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Yes, I learned that, too,in Boy Scouts. It's one of those things that looks a lot easier in the Handbook than it turned out to be. I think that was the closest I ever came to drowning--while treading water, getting your wet pants off, tying off both legs, flailing the open waist of the pants through the air above your head to inflate them--it was a lot of work. I think I ingested a quart of water before I finished!
Good times! I float a lot better now than I did as a wiry 13 year old!
+1

Can confirm. That pants off in the water then tie around the neck thing about did me in too.
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Old 06-03-2016, 11:08 PM   #12
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When I was just a boy, I learned how to fully inflate my lungs and float on my back, without flailing around, slowly letting out air and then quickly re-inflating my lungs--which expends much less energy than "treading water." Your inflated lungs while floating on your back serve as an emergency life preserver of sorts. I still practice that back-floating technique when I'm at the local pool.
My father use to do this to relax in our backyard pool when I was young. Can't say he actually took a nap that way but he would spend an hour or more and come in refreshed.
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Old 06-04-2016, 06:38 AM   #13
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Much easier to go underwater to remove your pants, shoes, etc. That way you're not fighting to keep your head above water while doing that.
Also had it in boy scouts then again a few times during my career since I flew on helicopters offshore occasionally.
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Old 06-04-2016, 07:33 AM   #14
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When I was at the US Naval Academy, one of the requirements to graduate was to jump in the pool fully clothed and swim around for 45 minutes like that. There was a requirement for how many laps you had to complete (something like 20 laps in an Olympic-sized pool) and you could not touch the side of the pool at any time (it was too deep for anyone to touch bottom). That was really, really hard. I can't imagine what it would take to swim for 20 hours in the open ocean.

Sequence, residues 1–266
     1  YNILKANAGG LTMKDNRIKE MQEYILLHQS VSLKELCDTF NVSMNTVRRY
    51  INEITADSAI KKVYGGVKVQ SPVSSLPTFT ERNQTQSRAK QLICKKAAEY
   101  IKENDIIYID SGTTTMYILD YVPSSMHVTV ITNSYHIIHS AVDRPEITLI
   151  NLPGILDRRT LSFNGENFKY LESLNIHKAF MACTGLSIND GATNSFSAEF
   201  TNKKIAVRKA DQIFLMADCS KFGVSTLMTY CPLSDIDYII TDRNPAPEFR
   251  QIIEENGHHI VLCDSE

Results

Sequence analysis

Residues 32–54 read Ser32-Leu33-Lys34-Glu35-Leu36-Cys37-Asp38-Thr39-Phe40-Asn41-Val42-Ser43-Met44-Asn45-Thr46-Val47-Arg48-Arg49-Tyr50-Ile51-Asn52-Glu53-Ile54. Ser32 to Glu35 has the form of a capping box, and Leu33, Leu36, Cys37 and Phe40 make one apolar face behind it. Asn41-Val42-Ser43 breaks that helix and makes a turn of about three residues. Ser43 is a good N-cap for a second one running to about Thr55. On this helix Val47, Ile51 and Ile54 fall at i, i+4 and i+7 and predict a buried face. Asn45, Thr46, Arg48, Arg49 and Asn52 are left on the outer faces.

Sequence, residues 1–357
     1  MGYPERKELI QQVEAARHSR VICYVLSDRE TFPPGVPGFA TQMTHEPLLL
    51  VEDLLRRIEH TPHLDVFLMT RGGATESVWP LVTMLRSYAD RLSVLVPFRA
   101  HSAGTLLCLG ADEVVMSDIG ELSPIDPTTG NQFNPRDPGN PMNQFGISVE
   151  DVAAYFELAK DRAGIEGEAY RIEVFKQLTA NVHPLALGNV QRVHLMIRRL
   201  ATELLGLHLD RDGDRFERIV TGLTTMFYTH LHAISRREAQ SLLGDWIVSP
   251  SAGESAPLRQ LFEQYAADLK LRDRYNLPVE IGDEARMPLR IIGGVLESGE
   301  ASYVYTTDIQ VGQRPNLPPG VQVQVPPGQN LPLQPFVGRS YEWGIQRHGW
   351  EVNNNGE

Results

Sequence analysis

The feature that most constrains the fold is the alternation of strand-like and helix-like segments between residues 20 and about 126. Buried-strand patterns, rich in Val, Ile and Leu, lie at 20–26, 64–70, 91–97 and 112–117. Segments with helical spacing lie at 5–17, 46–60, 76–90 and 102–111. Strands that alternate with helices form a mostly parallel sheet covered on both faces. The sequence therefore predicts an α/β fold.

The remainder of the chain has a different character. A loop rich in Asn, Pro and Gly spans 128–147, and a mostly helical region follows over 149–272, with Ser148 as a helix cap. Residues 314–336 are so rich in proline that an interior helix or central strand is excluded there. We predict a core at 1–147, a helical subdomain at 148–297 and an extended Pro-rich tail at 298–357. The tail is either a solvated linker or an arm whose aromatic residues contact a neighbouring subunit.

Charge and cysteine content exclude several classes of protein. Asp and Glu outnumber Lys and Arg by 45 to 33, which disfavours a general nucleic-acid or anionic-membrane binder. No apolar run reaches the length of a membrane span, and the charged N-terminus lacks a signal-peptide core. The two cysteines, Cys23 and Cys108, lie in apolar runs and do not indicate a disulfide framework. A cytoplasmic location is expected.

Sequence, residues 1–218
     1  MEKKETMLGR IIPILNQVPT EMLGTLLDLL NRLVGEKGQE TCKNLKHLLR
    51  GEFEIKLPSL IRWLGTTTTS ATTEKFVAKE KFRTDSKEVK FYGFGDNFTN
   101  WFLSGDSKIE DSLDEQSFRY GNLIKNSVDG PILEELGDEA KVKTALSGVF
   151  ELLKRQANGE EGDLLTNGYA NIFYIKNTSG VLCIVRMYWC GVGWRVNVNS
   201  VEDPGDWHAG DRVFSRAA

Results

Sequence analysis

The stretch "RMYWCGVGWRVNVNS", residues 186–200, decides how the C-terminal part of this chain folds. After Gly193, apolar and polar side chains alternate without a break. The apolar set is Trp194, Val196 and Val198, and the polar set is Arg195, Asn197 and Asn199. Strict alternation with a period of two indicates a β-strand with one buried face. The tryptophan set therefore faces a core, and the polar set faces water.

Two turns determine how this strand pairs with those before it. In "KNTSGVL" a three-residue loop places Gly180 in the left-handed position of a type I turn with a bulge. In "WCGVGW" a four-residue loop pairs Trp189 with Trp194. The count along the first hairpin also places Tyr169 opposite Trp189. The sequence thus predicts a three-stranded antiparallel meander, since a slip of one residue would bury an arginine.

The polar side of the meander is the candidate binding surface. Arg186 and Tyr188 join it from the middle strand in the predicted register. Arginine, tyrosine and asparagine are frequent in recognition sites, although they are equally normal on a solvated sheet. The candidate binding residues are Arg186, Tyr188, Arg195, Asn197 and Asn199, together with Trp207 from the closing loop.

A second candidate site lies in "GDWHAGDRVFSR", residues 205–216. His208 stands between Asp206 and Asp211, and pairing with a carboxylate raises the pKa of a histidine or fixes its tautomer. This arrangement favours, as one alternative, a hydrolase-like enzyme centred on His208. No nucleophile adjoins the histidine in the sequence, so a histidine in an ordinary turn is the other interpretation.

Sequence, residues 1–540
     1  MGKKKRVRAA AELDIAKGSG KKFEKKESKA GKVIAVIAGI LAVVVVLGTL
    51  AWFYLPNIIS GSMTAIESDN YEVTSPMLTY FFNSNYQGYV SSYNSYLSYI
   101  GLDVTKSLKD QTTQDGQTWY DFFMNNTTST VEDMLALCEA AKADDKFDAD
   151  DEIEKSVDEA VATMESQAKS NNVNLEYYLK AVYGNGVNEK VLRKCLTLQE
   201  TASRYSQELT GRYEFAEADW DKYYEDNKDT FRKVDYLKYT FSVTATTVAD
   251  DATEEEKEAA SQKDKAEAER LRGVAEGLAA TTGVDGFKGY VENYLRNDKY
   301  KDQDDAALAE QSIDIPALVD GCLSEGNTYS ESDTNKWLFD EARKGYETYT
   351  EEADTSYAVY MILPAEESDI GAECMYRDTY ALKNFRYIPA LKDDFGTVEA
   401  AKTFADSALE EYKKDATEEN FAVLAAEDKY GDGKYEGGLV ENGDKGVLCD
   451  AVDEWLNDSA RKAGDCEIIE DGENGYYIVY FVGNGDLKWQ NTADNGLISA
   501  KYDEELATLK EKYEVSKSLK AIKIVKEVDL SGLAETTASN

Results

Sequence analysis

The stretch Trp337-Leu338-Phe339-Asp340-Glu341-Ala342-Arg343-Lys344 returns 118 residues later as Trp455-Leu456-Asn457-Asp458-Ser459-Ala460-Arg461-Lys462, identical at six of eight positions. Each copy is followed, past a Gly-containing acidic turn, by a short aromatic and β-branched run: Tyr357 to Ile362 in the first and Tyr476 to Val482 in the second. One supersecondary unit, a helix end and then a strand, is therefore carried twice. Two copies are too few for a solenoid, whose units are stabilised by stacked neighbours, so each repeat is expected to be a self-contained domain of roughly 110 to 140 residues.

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Old 06-04-2016, 09:30 AM   #15
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When I was in the Navy there were various swim requirements. Which I couldn't/can't pass. More a needle dropped in water kinda guy. Operated schmooze mode to get my name on the fulfilled requirements list.

Decided no one was swimming to shore from mid-Pacific anyway, but did have a good looking inflatable vest with extra CO2 cartridges on the off chance I ended up in the water with no floating boat around.
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Old 06-04-2016, 10:33 AM   #16
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When I was in the Boy Scouts, we were taught to turn our pants into a makeshift life vest by tying the legs and using the belt to close the waist.
I remember quite a few years ago a US Navy sailor fell off an aircraft carrier (I think it was at night) and used this technique until his ship ultimately found him.

As to the original posting here, all I can say is WOW that is one truly motivated guy.
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Old 06-04-2016, 11:22 AM   #17
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Another good reason for pensions.
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Old 06-04-2016, 05:27 PM   #18
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Another good reason for pensions.

But pensions sometimes "sink" when the sponsoring company "goes under".


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Old 06-04-2016, 06:46 PM   #19
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But pensions sometimes "sink" when the sponsoring company "goes under".
Don't be a downer. The idea of collecting saved this guy's life!
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Old 06-05-2016, 03:23 PM   #20
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Don't be a downer. The idea of collecting saved this guy's life!

At least he didn't get into his situation "on porpoise"